Military History Society Of Rochester

Even as the American people built a large military and handed it vast responsibilities, they devoted less and less time to equipping their future civilian leaders with the knowledge they need to interact with the military in informed and constructive ways. This affects the nation’s ability to develop, implement, and sustain an optimal national security strategy for itself, and to adequately address the great range of crucial issues pertaining to the effects and consequences of war. Our students’ desire for knowledge creates an important opportunity for Departments of History. The late recession has produced a drop in humanities majors as students seek courses that seem more likely to produce an immediate payoff in terms of jobs and wages. Legislative budget cuts have forced even state schools to conform to a tuition-driven model, and departments that cannot attract a sufficient number of students can expect hard times to get harder. University college administrators, particularly college deans and chairs of History Departments, may find some relief in the appeal of military history.

We find ourselves called upon, sometimes, to answer the charge that by studying armed conflict we are glorifying it or condoning it. Because the field was predominantly male for a long time, many of our colleagues assume that it remains so, and is hostile to women. The Society for Military History is a United States–based international organization of scholars who research, write, and teach military history of all time periods and places. It includes naval history, air power history, and studies of technology, ideas, and homefronts. The society was established in 1933 as the American Military History Foundation, renamed in 1939 the American Military Institute, and renamed again in 1990 as the Society for Military History.

We seek to educate future Americans to fully appreciate the sacrifices that generations of American Soldiers have made to safeguard the freedoms of this nation. Through popular media and public discourse in this decade alone, American students have heard about such events as the bicentennials of the Napoleonic Wars and War of 1812, the centennial of the First World War, and the sesquicentennial of the battle of Gettysburg. They realize that in order to fully comprehend the significance of these commemorations, they need a basic historical grounding that can explain why the events mark turning points—and have thus become influential pieces of our contemporary narrative. Students long for intellectual frameworks that help them understand the world in which they live—and the study of war and conflict is an essential part of such frameworks. For instance, it is difficult if not impossible to understand the geo-political fault-lines of the 21st century world if one does not understand the causes and outcomes of the First World War.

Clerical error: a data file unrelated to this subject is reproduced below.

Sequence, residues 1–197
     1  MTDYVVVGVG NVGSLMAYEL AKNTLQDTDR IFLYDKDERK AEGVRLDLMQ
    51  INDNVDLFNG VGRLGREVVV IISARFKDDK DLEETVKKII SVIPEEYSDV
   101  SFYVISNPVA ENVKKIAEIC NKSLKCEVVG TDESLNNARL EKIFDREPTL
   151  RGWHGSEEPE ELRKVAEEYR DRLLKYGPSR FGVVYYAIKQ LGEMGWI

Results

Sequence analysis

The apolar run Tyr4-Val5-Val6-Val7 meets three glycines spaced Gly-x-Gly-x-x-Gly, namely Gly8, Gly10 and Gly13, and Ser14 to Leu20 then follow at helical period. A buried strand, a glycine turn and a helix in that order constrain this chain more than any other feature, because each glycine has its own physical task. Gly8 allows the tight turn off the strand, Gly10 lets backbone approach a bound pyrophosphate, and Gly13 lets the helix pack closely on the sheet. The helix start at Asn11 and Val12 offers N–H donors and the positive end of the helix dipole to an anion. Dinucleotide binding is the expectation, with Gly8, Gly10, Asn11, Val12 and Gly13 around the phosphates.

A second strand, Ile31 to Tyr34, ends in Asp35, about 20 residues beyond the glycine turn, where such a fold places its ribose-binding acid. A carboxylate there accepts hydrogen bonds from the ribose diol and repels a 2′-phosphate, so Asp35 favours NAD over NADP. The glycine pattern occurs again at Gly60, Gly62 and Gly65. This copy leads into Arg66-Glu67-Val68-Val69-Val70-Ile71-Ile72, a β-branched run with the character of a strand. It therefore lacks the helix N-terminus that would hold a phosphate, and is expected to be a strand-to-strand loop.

I shot a note to the Executive Council this afternoon to begin the discussion about cancellation of the conference, and it did not take long to come to a decision. Finally, I’m sad that we will not have the opportunity this year to gather together as a Society and as a community of scholars to learn, meet and greet old colleagues, and make new acquaintances. Conditions, however, have deteriorated to the point that cancellation is the best option available to us. Any use of military force is so consequential on so many levels that it demands serious contemplation and full comprehension by all those in a democratic polity who own some piece of responsibility for it. When Americans go to war, they do so because they have been sent by the elected leaders of the Republic; they carry the flag of the United States, and wear that flag on the sleeves of their uniforms.

Excellent panel, paper, and poster submissions will clearly explain their topics and questions in ways that will be understandable to the broad membership of the SMH, not only to those interested in the specific topics in question. Submissions of pre-organizedpanels are strongly encouraged and will be given preference in the selection process. The Program Committee also accepts panel submissions without chair and commenter. In that case, if accepted, chair and commenter will be assigned by the conference organizers.

The Society for Military History traces its lineage to 1933, when it was founded as the American Military Foundation. Renamed in 1939 as the American Military Institute, it assumed its present designation in 1990. Its international membership, which numbers nearly 2,700, includes many of the most prominent professors, government historians, military personnel, and independent scholars at work in the military history field today. Project MUSE promotes the creation and dissemination of essential humanities and social science resources through collaboration with libraries, publishers, and scholars worldwide. Forged from a partnership between a university press and a library, Project MUSE is a trusted part of the academic and scholarly community it serves.

But there is a case to be made for retaining and reinvigorating the term, linking it to the body of innovative scholarship that has been produced in recent years, and continues to be produced today. The first step is open communication and exchange between those inside the field and those outside of it. Within the academy, conversation and education ought to be the first steps towards breaking down stereotypes. The short essay that follows will argue the case for integrating a broadened, revitalized military history subfield into history departments nationwide. McFarland is a leading independent publisher of academic and general interest nonfiction books.

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